Here’s Why The #DropThePlus Movement Isn't As Inspirational As People Think

The campaign, meant to be inspirational, portrays the term "plus size" as an insult to women all over.


The awry concept of the term “plus size” in the fashion industry is no secret.

Even though an average woman wears size 14, these fashion houses believe that anyone above size 4 is plus-sized, cultivating an unrealistic body image among the female population of the world.

Needless to say, this incorrect representation has given birth to a number of campaigns promoting body positivity, the latest addition to which is the #DropThePlus campaign – because there’s no such thing as “too many” when it comes to such movements.

Initiated by Australian lingerie model Stefania Ferrario and the host of The Biggest Loser Ajay Rochester, the movement calls for the fashion industry to eradicate the term “plus size” once and for all.

Unsurprisingly, the tag has taken the social media by storm. People are relentlessly talking about breaking gender stereotypes and how the size doesn’t matter, dubbing the campaign as “inspirational” and “legendary.”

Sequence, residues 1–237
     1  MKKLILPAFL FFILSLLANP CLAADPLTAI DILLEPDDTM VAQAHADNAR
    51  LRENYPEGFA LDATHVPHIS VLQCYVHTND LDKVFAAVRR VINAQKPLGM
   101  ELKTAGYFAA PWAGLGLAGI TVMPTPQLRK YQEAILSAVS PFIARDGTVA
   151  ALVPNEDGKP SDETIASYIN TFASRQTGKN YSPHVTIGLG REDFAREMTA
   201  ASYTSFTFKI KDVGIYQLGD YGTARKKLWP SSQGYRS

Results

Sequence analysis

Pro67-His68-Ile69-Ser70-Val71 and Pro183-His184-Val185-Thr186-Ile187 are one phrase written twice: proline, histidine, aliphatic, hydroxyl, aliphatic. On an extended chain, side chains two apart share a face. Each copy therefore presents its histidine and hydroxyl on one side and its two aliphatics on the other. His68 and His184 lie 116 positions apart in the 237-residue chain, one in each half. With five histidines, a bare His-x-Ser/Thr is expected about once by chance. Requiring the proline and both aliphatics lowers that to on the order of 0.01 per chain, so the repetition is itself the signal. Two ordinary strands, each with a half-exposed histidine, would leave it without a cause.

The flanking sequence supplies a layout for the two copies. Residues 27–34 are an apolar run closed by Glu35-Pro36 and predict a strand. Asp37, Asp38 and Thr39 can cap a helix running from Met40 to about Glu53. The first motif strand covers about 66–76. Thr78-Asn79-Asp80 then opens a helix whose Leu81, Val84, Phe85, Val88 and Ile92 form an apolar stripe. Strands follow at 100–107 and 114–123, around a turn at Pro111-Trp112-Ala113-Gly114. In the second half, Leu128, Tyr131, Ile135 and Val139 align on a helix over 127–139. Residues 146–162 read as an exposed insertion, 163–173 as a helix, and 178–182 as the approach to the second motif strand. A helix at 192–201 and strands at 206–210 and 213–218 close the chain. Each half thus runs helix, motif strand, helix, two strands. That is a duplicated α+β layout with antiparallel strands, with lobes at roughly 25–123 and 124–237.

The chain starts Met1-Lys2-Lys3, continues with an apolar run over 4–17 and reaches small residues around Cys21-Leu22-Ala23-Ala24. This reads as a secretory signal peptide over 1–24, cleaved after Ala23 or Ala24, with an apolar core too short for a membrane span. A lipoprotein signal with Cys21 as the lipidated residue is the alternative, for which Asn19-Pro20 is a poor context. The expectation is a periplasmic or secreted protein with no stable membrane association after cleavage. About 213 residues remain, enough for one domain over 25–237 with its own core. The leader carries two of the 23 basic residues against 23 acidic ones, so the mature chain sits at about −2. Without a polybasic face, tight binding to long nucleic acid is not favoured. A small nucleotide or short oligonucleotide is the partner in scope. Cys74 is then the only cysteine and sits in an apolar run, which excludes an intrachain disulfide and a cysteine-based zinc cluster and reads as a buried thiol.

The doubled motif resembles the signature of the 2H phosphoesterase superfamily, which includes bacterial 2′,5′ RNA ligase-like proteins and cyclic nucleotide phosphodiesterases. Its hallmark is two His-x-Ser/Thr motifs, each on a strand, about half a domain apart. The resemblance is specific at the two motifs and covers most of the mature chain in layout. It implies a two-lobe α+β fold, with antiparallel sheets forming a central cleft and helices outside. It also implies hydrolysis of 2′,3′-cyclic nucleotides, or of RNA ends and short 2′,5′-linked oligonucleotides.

However, the campaign – even though inspiring – fails to address a really important question: Why is the term “Plus-Sized” such an insult, and what happened to embracing your body despite its size, shape and flaws?

All women are indeed equally beautiful, so maybe instead of conveying the message that being called “plus sized” is wrong or derogatory, these models should encourage the industry to improve their standards of female beauty.

The vision behind the campaign is to promote body equality but as model Laura Wells says, the logic of #DropThePlus also could be construed as a form of body shaming.

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